The NFL has upheld its four-game suspension for Tom Brady.
In announcing the decision, Goodell cited new information that on or shortly before March 6, Brady had directed that the cell phone he had used for the prior four months be destroyed. The NFL said in the statement that Brady destroyed the phone even though he was aware that investigators had requested access to text messages and other electronic information that had been stored on the phone.
According to the NFL, Brady had exchanged nearly 10,000 text messages, none of which can now be retrieved.
Brady is expected to challenge the decision in federal court and seek an injunction that will allow him to play while his case works its way through the courts.
Brady remains adamant that he will not accept a suspension and that any punishment must specify that it's for failing to cooperate with an NFL investigation and not for breaking rules with footballs.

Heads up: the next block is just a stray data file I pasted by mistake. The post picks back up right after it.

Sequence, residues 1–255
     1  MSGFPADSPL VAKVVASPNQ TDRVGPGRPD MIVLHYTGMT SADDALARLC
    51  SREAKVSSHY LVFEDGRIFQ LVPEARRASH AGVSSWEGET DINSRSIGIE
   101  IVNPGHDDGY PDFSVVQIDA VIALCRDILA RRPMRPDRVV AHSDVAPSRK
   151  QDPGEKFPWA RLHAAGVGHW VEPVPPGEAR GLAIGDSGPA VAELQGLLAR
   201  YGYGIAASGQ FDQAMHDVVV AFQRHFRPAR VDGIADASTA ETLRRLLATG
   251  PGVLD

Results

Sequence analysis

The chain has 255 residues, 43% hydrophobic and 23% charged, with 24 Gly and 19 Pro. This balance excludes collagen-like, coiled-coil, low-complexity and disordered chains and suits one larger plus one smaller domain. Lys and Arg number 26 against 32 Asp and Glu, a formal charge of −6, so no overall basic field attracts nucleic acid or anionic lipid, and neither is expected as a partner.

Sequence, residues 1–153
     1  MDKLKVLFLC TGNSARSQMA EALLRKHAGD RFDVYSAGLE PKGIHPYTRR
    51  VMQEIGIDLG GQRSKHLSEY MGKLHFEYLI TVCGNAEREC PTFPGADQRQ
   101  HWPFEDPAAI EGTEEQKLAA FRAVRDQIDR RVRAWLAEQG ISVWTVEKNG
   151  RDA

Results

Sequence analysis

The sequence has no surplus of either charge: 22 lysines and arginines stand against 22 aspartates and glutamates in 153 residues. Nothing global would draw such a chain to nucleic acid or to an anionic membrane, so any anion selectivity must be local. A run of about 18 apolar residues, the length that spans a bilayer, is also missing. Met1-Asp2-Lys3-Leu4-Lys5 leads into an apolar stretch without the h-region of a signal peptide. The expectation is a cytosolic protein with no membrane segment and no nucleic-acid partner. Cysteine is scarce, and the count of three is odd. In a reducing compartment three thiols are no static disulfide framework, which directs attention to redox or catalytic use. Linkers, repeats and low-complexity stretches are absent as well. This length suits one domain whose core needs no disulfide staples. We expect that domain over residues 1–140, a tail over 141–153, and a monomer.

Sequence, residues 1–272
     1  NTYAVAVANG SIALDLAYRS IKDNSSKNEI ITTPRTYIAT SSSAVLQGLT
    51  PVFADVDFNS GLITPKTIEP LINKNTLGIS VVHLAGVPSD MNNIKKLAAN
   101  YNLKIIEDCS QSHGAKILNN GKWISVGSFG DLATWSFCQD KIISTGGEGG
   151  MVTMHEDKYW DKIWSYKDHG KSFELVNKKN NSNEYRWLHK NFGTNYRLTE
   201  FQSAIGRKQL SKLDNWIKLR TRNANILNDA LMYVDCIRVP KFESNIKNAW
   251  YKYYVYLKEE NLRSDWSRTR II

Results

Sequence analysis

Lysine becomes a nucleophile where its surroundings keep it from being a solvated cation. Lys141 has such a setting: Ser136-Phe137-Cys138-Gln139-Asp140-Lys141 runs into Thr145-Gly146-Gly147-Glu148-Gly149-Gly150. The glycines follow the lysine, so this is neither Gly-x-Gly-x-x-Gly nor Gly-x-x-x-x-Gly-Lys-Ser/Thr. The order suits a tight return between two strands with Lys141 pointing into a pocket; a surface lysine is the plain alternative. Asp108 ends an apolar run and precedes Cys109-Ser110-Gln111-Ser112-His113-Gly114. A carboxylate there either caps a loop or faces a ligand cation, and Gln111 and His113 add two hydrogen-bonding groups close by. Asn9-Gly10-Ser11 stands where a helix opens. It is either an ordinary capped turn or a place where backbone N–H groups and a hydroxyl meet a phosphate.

Brady's agent and attorney, Don Yee, released the following statement:
"The Commissioner's decision is deeply disappointing, but not surprising because the appeal process was thoroughly lacking in procedural fairness.
"Most importantly, neither Tom nor the Patriots did anything wrong. And the NFL has no evidence that anything in appropriate occurred.
"The appeal process was a sham, resulting in the Commissioner rubber-stamping his own decision. For example, the Wells investigative team was given over 100 days to conduct its investigation. Just days prior to the appeal hearing, we were notified we would only have four hours to present a defense; therefore, we didn't have enough time to examine important witnesses. Likewise, it was represented to the public that the Wells team was 'independent'; however, when we requested documents from Wells, out request was rejected on the basis of privilege. We therefore had no ideas as to what Wells found from other witnesses, nor did we know what those other witnesses said.
"These are just two examples of how the Commissioner failed to ensure a fair process."